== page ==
January 19, 2008 by in category Archives tagged as

At a recent LERA meeting, the speaker handed out file cards. Told us to write down our goals for one month, six months, one year, and five years. Seemed like a great idea, get us to write down goals and really cement in our New Year resolution.

Then she collected them all back to keep. Oops.

Now it’s not just a goal I make to myself, and can fulfill or ignore as the spirit moves me. I’m 100% sure she’s going to be standing up at the front of the room next month reading off our goals, asking if we’ve met them, then asking why. In other words, a serious, buckle down and get it done goal.

Talk about motivation! Or would this be conflict? I’m motivated to avoid the conflict I would have to face by admitting I hadn’t managed to follow through on those goals. Works for me. And I mean really works for me. Instead of an obscure someday I now have a concrete do it by date. Amazing what difference a 3 X 5 card makes. Especially in someone else’s hands.

Which got me thinking about resolutions and goals and all the rest of what we do to make ourselves write, or to keep ourselves from writing. And I realized I was not giving myself the respect I give to other writers.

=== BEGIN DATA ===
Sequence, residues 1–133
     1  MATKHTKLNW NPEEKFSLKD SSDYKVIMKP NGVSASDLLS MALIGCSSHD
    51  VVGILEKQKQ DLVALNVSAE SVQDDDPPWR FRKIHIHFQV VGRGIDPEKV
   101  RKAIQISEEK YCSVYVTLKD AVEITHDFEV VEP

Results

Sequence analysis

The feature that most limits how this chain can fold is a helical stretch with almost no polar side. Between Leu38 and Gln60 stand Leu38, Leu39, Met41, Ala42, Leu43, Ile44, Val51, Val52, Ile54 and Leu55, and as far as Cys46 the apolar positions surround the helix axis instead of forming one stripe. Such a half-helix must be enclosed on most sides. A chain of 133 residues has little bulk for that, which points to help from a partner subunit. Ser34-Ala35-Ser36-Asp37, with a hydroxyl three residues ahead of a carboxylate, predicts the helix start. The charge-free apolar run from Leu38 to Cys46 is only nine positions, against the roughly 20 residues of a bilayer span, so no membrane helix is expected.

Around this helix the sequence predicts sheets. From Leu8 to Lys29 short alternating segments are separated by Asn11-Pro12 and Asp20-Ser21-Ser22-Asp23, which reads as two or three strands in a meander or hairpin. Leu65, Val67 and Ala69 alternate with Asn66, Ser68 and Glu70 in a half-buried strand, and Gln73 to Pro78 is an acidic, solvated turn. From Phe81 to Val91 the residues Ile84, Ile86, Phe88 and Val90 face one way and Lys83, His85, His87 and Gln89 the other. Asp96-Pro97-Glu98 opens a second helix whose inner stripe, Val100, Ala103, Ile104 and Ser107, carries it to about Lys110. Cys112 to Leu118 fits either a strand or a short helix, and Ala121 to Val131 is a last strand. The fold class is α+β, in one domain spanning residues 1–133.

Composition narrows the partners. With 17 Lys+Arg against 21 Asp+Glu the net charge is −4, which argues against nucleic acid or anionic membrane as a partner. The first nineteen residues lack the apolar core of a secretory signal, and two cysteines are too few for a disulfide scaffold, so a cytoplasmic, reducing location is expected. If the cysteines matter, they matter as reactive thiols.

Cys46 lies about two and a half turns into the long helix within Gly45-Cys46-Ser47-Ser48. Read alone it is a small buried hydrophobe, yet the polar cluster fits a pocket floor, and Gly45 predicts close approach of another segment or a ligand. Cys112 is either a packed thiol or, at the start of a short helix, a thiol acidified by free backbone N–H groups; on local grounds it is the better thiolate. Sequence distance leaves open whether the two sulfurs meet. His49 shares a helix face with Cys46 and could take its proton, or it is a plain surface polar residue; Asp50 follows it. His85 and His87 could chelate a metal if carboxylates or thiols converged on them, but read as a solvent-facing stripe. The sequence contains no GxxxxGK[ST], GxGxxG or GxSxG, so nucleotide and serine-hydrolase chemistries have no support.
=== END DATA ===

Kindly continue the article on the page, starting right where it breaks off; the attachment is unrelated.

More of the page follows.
So, here’s a goal, in writing, and in front of most of my world. I am a writer. I matter as a writer, and I deserve respect from other writers but most of all from myself. I will give myself that respect, and make the effort to WRITE when I first sit down at the computer. Not check e-mail. Not format artwork. Write.

I deserve it. I AM a writer.

Happy writing.

Monica Henderson Stoner

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WRITING TIPS from a Member at Large

December 19, 2007 by in category Archives tagged as

At the recent LERA (Land of Enchantment Romance Authors) Christmas party, we exchanged gifts and writing tips. Some of the tips were old stand bys, some were new, and some came at just the right time. The one impressing me the most was: “Set a timer clock for fifteen minutes, and write until the timer goes off. It doesn’t matter what you write, even “I hate writing, I hate my computer, I hate books, this is stupid, why do I put myself through this torture.” Well before the end of the fifteen minutes you’ll be writing in someone else’s mind, and you’ll be back to a story instead of a blank screen.

Or so the theory goes. It can’t be much more difficult than answering e-mails and heaven knows we’re nearly all good at that. You just don’t take your hands off the keys for anything until the fifteen minutes are up.